One of the things that hurt the Cavaliers was Hunter picking up a second foul roughly halfway through the first half, the second consecutive game he has done so. Clark received his minutes and missed two three-pointers — both wide open — and passed up several other good looks.

If there was a positive from the first half, it was the outstanding play of Diakite and Huff on the offensive end. The two combined for 18 points, with Huff posting 10 in the first half alone, the most he’s scored in an ACC game this season. He also added three rebounds and a block. It was the first time someone other than Jerome, Guy or Hunter had eclipsed the double-digit plateau in three weeks.

Louisville matched its biggest lead of the half with a putback from Malik Williams, but the Cavaliers used a quick 6-0 burst — a Hunter dunk, a Jerome layup and a Hunter layup — to cut it to 39-33. After a Nwora bucket, Hunter hit Virginia’s first three of the game to get it to five, 41-36, at the under-16.

Hunter then scored on his second and-1 to cut the deficit to two, and a perfect pass from Clark to Huff for a dunk tied things at 41. Nwora snapped the Louisville drought — and gave the Cardinals a 44-41 lead — with a stepback three. After Diakite responded with a huge dunk, Steven Enoch knocked down a triple, answered by a Jerome jumper. With 9:48 to go, Virginia trailed 47-45.

Hunter tied things at 47 with two free throws coming out of the timeout, and Guy’s lefty layup gave the Cavaliers their first lead of the day.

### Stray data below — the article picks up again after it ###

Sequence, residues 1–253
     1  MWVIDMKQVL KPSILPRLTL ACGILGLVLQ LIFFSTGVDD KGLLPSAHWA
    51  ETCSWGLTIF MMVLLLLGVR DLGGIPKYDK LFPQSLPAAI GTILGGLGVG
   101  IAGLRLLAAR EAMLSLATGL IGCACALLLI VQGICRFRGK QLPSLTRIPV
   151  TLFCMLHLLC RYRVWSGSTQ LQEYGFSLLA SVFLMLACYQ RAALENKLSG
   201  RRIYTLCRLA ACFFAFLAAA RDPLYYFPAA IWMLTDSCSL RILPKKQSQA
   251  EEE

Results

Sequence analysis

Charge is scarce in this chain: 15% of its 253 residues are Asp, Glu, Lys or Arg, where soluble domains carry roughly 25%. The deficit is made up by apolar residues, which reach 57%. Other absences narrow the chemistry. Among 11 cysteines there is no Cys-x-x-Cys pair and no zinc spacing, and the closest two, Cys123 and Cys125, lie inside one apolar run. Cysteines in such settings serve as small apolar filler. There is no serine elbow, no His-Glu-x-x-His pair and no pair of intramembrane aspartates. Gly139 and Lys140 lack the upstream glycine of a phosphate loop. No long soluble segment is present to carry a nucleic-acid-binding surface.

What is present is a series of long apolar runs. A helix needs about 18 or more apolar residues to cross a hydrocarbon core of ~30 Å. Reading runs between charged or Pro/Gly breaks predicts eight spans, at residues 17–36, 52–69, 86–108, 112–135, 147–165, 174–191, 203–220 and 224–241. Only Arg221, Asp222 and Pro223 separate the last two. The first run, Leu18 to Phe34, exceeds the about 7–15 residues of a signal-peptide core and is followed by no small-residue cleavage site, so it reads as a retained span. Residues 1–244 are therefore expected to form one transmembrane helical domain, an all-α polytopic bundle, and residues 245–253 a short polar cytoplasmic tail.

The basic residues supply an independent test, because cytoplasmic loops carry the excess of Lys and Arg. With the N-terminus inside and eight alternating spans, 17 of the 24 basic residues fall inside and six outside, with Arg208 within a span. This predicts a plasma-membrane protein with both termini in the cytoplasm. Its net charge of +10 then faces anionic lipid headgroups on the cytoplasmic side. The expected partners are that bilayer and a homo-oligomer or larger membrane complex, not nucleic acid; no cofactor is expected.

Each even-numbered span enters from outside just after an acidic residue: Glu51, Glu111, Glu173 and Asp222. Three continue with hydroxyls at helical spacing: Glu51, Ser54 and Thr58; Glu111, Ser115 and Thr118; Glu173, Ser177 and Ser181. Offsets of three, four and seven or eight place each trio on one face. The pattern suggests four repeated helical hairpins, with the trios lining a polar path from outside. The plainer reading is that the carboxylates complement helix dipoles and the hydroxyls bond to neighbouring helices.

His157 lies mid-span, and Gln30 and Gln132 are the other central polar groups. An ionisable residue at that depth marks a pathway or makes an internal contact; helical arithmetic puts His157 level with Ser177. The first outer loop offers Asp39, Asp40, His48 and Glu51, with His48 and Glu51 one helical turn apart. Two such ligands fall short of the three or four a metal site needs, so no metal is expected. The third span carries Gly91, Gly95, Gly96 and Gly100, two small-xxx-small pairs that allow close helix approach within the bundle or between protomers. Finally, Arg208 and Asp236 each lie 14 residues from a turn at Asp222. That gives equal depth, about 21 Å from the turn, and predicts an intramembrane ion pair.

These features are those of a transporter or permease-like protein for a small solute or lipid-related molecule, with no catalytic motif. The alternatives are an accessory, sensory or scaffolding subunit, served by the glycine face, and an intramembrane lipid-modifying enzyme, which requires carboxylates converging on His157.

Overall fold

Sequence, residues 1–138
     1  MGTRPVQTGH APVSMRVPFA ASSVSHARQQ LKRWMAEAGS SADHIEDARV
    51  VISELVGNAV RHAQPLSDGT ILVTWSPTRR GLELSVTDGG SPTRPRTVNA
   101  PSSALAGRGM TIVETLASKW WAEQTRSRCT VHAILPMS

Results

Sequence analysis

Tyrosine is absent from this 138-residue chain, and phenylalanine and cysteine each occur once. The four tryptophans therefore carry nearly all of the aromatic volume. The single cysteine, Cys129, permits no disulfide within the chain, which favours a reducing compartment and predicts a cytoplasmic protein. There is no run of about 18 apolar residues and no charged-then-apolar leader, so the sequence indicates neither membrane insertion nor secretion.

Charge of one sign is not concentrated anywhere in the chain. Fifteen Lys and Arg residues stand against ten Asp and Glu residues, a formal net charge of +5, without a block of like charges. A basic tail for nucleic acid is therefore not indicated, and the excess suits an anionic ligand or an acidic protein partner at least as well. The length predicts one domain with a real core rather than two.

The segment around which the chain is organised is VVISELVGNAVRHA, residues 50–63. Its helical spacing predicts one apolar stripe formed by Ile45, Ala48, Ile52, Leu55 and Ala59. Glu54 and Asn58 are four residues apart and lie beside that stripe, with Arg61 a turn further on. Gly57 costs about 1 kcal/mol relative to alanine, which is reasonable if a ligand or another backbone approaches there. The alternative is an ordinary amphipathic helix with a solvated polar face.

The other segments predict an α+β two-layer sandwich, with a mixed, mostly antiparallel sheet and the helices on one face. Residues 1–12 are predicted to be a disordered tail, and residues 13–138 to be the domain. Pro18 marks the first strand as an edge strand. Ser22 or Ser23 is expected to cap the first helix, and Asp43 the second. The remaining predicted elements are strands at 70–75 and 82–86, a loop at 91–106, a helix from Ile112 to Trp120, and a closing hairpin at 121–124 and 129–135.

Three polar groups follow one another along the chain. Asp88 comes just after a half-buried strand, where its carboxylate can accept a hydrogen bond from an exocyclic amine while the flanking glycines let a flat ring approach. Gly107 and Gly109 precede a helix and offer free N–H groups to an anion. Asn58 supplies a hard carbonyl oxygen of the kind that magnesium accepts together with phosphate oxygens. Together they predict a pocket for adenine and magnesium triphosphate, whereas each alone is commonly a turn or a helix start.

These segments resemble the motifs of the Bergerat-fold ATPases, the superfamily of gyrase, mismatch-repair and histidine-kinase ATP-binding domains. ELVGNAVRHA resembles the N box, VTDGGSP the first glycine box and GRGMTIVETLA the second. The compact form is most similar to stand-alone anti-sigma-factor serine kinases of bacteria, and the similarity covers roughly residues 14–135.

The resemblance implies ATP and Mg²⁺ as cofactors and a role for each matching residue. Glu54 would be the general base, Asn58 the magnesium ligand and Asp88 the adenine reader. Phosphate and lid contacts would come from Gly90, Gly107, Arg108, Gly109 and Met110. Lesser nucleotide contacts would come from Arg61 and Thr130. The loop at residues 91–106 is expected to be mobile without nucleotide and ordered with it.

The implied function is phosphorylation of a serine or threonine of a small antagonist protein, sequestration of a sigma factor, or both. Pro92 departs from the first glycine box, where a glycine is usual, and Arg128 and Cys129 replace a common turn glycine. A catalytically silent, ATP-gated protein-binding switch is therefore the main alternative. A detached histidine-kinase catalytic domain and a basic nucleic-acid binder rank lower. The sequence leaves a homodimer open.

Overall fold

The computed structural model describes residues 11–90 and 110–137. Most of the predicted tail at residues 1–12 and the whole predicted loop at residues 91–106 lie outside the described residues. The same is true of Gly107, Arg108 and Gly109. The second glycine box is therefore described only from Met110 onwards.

In what proved to be an important turn of events, Diakite drew a charge on Nwora on the ensuing possession. Replay showed Diakite’s heel was inside the restricted area, meaning it should have been a charge. Mack exploded on the sideline, earning a technical, and Hunter knocked down the free throws.

The Cavaliers’ small forward continued to make up for missed time. A contested long two gave the Cavaliers a 55-48 lead, their biggest of the day to that point. Then he drained in a three to make it 58-50, giving him a new career high of 26 points (on just 11 shots) and 18 in the second half. Mack called for timeout.

Louisville’s once-red-hot three-point shooting started to fall apart, and Guy hit two free throws to make the lead 60-50 at the under-4 timeout. The Cavaliers then calmly put away the Cardinals with two big dunks.

Louisville’s final shot, fittingly, was an airballed three. The Cavaliers would leave Louisville with yet another win, much to the dismay of the Cardinal faithful.

uva basketball team of destiny
Team of Destiny: Inside Virginia Basketball’s Run to the 2019 National Championship, by Jerry Ratcliffe and Chris Graham, is available for $25.


The book, with additional reporting by Zach Pereles, Scott Ratcliffe and Scott German, will take you from the aftermath of the stunning first-round loss to UMBC in 2018, and how coach Tony Bennett and his team used that loss as the source of strength, through to the ACC regular-season championship, the run to the Final Four, and the thrilling overtime win over Texas Tech to win the 2019 national title, the first in school history.